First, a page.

in a Glance
Who lives here: Nancy Pepper and her two mini Labradoodles
Location: Ojai, California
Size: 2,800 square feet; two bedrooms, 2 baths, studio workplace
That is intriguing: Famous potter Otto Heino’s studio and former residence is right up the road.

Shannon Malone

Natural materials such as wood and stone reflect Pepper’s love of nature and her desire to bring the outside into her dining room design.

Pepper matched her dining room table, found at Wachters in Ojai, with Paris bistro seats from Ojai interior designer Elizabeth Alexander.

Shannon Malone

Pepper chose earthy hues of red, orange, pink and teal as the main color palette for her home, and they function in harmony with her nature-inspired decor.

Shannon Malone

Unique mixed-media artworks such as this bit by Trevor Norris, titled Diagonal Down, mix in with the colours of the home.

Shannon Malone

Aiming to make the home feel like a cabin, Pepper designed with actual logs from Oregon, brought down by a former neighbor. She used both unfinished and finished pieces, such as this log column in the kitchen, to provide contrast and texture. The kitchen cabinets are made from recycled Douglas fir.

Shannon Malone

Knowing that Pepper likes to take advantage of recycled items, a friend bought a box of old railroad spikes for her. After much contemplation about how to incorporate them in the plan, Pepper decided to use them as handles for her kitchen drawers and cabinets.

Shannon Malone

Pepper’s orange and green countertops are a bold color choice, but they are among the favorite features of the home. Orange is one of the favorite colors. “It makes me happy to look at it,” says Pepper. The cheerful hue is ubiquitous throughout the home, extending even to the orange trees out.

Countertops: Caesarstone

Shannon Malone

Pepper brings out her vibrant countertops’ full potential by displaying matching decorative accents such as glass bell peppers and glassware.

Shannon Malone

The wood liner and the bottoms of this kitchen island are also made from logs from Oregon. Pepper stained the logs to give them a more finished look as well as more durability in a kitchen setting.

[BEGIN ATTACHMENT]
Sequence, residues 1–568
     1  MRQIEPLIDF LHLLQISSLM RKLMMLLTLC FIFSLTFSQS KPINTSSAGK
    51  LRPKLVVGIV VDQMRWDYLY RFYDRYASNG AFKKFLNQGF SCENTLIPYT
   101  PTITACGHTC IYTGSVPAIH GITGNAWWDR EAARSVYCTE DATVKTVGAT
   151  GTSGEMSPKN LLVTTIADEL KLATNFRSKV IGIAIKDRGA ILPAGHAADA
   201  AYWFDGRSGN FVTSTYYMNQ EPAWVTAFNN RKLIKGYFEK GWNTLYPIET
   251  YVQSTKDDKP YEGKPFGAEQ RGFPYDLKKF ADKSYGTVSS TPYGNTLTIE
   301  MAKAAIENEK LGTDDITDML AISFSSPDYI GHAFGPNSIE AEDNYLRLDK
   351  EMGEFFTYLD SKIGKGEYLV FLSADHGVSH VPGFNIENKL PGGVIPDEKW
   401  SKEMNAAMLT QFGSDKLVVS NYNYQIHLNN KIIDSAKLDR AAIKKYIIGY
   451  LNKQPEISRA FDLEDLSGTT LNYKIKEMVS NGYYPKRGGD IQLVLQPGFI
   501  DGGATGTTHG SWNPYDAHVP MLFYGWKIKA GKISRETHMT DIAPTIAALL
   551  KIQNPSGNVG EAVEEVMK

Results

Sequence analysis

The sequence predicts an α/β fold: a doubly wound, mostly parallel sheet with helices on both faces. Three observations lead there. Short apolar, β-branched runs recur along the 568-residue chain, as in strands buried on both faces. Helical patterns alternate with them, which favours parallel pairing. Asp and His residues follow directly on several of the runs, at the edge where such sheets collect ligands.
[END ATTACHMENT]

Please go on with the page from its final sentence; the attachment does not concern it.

The sides of the island are lined with wood in the home’s former hardwood flooring. Pepper’s builder discovered 100-year-old pipes via an orange orchard from Santa Paula, California, to use as a footrest.

Bar stools: Cowhide Western Furniture

Shannon Malone

Pepper had an oddly shaped piece of wood left over in the Oregon delivery and could not let it go to waste. She watched it as a chance for another one-of-a-kind bit for her home and had her contractor craft it in this rustic table.

Shannon Malone

For Pepper, designing is all about doing what you enjoy. Her home has an eclectic feel, with items from other styles and time periods. She has collected various pieces through time, such as this chair that she has had since the’60s, and also this dining table made out of an antique door, which still has its original hinges and keyhole.

The chair blends perfectly with the teal vases and kilim rug draped over the dining table.

Shannon Malone

It required Pepper two and a half years to pick the final design of her living space. When she first bought the house, the living room sat in which the dining area is currently, and the dining area was a little extension off the kitchen. Together with the intent of opening up the room to generate a more societal set up, Pepper swapped the two spaces and extended the home outward, making a sizable, spacious living space.

The inviting sectional sofa is by designer Elizabeth Alexander, using needlepoint cushions made by Pepper.

Shannon Malone

Alexander initially suggested that Pepper place a seating area in the front of the fireplace, but Pepper discovered that she loved the open and spacious feel of this space. She states,”It’s a fantastic spot to do yoga.”

Pepper’s design philosophy is “make it bulletproof.” She desired low-maintenance flooring that could stand up to her two dogs’ lively antics. She chose materials that could suit her love of texture and character: a stunning slate for the living room and kitchen, and pine hardwood flooring for the rest of the home.

Table and chairs: Elizabeth Alexander Interior Design, Ojai

Shannon Malone

The outdoors makes its way into the master bedroom via the stone fireplace, pine floors and ornamental ferns. Pepper added splashes of color to the neutral tones with rugs in Oaxaca, Mexico, gathered through the last few years plus a subtle green wall hue.

Shannon Malone